After parking, we walked into the center of town to scope out a good restaurant; we ended up picking one that was next to the entrance to the gondola. Food is pricey, about 15 euro for a main pasta dish, but it is tourist season and we picked the middle of town to eat. After lunch we went to purchase tickets for our gondola ride. I’m not sure why the line was so incredibly long, nor why people didn’t just purchase tickets at the machine, but that’s what we chose and we walked right up to the front with our pre-paid tickets. The gondola cars are small and they can be a bit wild if you’re not sitting still, plus they’re open so the wind was chilly. However, the view was fantastic and gave us a great idea of the layout of all the vineyard trails.
At the top is the statue Niederwalddenkmal, built by Kaiser WIlhlem I in 1871, to commemorate the Unification of Germany (not to be confused with the Tag der Deutschen Einheit, a different German unification). The statue is visible from the gondola but hidden by the trees at the top where the exit is. So when you approach the last corner of the trail from gondola to statue, it appears out of the forest as a huge monument, taking up much more space than it appears from down in the town. She is called the Germania, a romanticized figure from the Romantic Era of the 1800’s; she represents an idea of “Germany” and what it means to be German. It’s a beautiful piece and it’s surrounded by large lavender bushes. There is a wine stand and an ice cream stand near the bottom of the monument plus plenty of overlook and seating space; since the Rheinsteig passes this place it would be an excellent spot for a hiker’s picnic.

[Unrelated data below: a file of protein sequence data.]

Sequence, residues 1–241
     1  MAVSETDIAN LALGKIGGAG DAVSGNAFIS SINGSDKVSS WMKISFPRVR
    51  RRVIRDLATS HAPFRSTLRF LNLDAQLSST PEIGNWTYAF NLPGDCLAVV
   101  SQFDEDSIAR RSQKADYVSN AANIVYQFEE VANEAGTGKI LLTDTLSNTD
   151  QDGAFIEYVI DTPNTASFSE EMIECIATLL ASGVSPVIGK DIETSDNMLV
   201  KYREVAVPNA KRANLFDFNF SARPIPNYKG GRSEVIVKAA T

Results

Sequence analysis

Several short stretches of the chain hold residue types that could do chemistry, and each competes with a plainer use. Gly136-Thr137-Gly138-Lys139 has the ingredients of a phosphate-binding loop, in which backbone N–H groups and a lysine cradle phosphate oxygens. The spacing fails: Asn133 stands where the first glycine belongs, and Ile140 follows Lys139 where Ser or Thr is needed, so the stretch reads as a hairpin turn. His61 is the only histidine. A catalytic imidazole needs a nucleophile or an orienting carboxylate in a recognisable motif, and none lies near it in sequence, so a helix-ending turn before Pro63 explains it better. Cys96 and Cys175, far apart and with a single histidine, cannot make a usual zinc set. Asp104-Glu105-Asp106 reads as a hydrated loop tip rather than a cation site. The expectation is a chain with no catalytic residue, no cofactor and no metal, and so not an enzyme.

Once we were back in the center of town, we went for a long walk through all the little tiny roads. Right in front of the square that the gondola entrance is in is the Drosselgasse, a popular and picturesque alley. We took lots of pictures here and had an Erdbeerenbowle (a strawberry wine punch) and we also tried a Rudesheim speciality, a wine brandy. While the actual drink is served in a special mug and saucer and poured into coffee and lit on fire, we just had a few sips at a shop. Brandy is not my drink though so no temptation to bring a bottle home.
There is also a Christmas shop at the top of Drosselgasse but it was sort of a watered down version of a Christmas Markt. Since I know we’ll be going to a few of these this winter, again no temptation, but if you are in the area outside of Christmas time, it’s definitely worth a stop.
Returning home the sun finally came out but I was feeling a little wine sleepy so the rest of the day was spent in a wine coma at home.